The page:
Numbers alone rarely tell the whole story, but for the University of Wisconsin (UW) Health in Madison, they offer a tantalizing glimpse of a remarkable transformation. Within one year:
• Postoperative venous thromboembolisms (VTEs) per 1,000 patients fell from 11.6 to 6.6.
• Within its 39 primary care clinics, the percentage of patients whose INR achieved target ranges increased from 64 percent to 72 percent.
• The percentage of all inpatients and surgical inpatients who did not receive VTE prophylaxis decreased from 24 percent to 8 percent and from 20 percent to 3 percent, respectively.
Another figure stands out: $50,000. That’s the amount accompanying the ASHP Foundation’s 2011 Award for Excellence in Medication-Use Safety. UW Health won the prize for its anticoagulation stewardship program (ASP), which was responsible for the impressive system-wide improvements.
“We were excited and humbled when we won,” said Philip Trapskin, Pharm.D., BCPS, clinical manager of patient care services and practice advancement at UW Health, who helped spearhead the ASP. “You work hard to help patients, not to win an award. In many respects, the real beneficiaries are the patients whose quality of care will improve because of our work.”
Ensuring Patients Receive VTE Prophylaxis
“About 20 percent of patients didn’t get VTE prophylaxis during their hospitalizations,” said ASP Coordinator Anne Rose, Pharm.D. “That’s a huge number of patients.” Compared with peer institutions, a higher proportion of the UW Health’s patients experienced postoperative thromboembolisms, which was costing the system an estimated $1.7 million annually.
Among the major goals of the ASP is to ensure that at least 90 percent of inpatients received appropriate VTE prophylaxis within
24 hours of admission and to reduce by at least 25 percent the observed-to-expected rate of preventable postoperative VTEs.
To reach those goals, the ASP reconciled existing inpatient order set content with evidence-based recommendations and configured all order sets into the electronic medical record. A pharmacist is required to assess every patient for bleeding risk and appropriateness of VTE therapy. Orders can be put into action only when all necessary information is recorded.
“We pay more attention now to which patients are appropriate for VTE prophylaxis, and we have more patient assessment tools available,” said Angela Hottman, Pharm.D., a clinical pharmacist who works in surgical pharmacy areas. “There was some initial pushback from physicians, who were not used to being questioned about VTE therapy. Now they’re used to us asking about prescribed VTE therapy and recommending changes, and they’re likely to listen to us. Some even approach us for advice.”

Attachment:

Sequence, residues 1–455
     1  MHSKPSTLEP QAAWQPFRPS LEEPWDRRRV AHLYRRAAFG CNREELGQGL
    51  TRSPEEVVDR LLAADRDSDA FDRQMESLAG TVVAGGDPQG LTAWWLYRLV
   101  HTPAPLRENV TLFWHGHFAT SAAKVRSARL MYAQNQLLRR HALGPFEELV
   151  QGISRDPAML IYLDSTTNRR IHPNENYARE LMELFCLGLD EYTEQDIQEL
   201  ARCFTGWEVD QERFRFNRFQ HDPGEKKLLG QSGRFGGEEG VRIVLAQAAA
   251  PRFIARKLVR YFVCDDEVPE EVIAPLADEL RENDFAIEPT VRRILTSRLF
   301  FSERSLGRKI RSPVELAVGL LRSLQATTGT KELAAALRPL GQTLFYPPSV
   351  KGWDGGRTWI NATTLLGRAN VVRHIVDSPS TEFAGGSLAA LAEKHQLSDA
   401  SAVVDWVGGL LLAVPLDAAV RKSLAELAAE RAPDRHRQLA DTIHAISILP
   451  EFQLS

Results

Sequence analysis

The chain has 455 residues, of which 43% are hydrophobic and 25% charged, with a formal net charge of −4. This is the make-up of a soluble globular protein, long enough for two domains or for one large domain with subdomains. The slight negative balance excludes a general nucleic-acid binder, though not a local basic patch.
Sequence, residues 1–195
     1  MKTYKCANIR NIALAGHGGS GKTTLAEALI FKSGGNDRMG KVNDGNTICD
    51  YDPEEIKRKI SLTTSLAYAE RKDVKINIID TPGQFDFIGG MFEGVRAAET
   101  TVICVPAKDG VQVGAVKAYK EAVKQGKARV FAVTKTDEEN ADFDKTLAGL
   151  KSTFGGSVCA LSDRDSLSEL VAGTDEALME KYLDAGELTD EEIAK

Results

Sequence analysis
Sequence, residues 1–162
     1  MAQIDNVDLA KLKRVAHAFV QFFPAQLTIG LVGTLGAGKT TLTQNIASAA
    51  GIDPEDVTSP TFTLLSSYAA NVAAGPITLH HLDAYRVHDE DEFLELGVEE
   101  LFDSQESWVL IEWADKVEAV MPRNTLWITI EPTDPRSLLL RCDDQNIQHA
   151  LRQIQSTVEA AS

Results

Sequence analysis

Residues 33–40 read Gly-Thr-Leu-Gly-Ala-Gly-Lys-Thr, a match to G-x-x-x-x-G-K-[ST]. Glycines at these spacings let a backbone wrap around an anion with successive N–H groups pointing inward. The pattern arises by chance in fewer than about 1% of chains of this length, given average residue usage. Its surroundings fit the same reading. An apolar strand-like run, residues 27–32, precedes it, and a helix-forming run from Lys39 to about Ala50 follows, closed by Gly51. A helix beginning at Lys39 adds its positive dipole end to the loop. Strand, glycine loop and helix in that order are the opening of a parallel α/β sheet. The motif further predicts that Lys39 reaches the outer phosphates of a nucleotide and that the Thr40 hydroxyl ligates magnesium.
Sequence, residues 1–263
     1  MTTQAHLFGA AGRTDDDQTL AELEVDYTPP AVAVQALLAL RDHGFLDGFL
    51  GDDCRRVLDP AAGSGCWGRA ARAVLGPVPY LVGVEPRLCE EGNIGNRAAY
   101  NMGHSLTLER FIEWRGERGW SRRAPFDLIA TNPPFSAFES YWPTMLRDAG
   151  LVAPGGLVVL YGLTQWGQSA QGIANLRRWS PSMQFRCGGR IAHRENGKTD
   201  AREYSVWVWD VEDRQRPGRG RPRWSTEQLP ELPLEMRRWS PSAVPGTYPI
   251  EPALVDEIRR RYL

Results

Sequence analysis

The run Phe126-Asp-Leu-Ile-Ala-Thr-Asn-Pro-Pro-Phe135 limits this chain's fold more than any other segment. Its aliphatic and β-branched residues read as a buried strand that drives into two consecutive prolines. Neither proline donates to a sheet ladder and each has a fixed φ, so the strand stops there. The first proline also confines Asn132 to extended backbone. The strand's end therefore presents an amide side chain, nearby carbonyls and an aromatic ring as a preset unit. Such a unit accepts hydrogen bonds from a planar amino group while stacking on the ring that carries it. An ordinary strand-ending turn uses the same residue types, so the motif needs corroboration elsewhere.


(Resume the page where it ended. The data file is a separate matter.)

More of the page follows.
Documenting Outpatient Warfarin Dosing
The other focus of the ASP is anticoagulation therapy conducted at the primary care clinics, where about 3,000 patients receive their warfarin. Before the program began, patient assessments, dose management and documentation procedures varied considerably, often depending on individual physician preferences and which guidelines they favored.
“It was shocking that in only 70 percent of cases was there documentation of warfarin dosing, why the patient was on the drug, and what the target INR range was,” said Dr. Rose.
The ASP standardized care across the system to mirror the protocol in UW Health’s pharmacist-managed anticoagulation clinic, explained Erin Robinson, Pharm.D., lead pharmacist in the anticoagulation clinic.
“The program created overarching dosing and documentation guidelines for the primary care clinics,” she said. “The objective was to have nurses conduct the same level of patient assessment that pharmacists perform in the anticoagulation clinic.”
But that required substantially more time, and at first the nurses weren’t keen about the idea, said Dr. Robinson. Instead of leaving information about warfarin dosing on a patient’s voicemail, now they’d have to spend an extra 10 to 15 minutes asking them questions and formulating the proper dose adjustment. Soon, however, they noticed that this extra effort resulted in more accurate dosing and INR levels that were consistently within target ranges.
“Objections from nurses decreased steadily as outcomes improved, and patients appreciated the higher level of care they were getting,” said Dr. Robinson.
Making the Case for Change
Some institutional resistance to a program of this scope was inevitable. But the ASP leaders had baseline data that made a strong case for change. “We were able to say, ‘This isn’t working, but here’s what we can do to correct it,” says Dr. Robinson. Once a few small groups undertook successful pilot programs, others became convinced of the ASP’s value, and things grew from there.
Concerted and ongoing education and training for all front-line clinical staff proved essential to success. So did support from hospital administration, which supplied some seed resources. The administration fully embraced the program when they witnessed the magnitude of its results, which included saving the system an estimated $1.3 million. Deep integration of the information technology system was also crucial.
“These were large changes,” said Dr. Trapskin. “We employed a lot of the typical tools to help people manage major change and created a sense of urgency. You have to have confidence in your vision and believe that the goal will be worth the inevitable trials and tribulations. That perseverance and knowing that it’s the right thing to do for patients is so important.”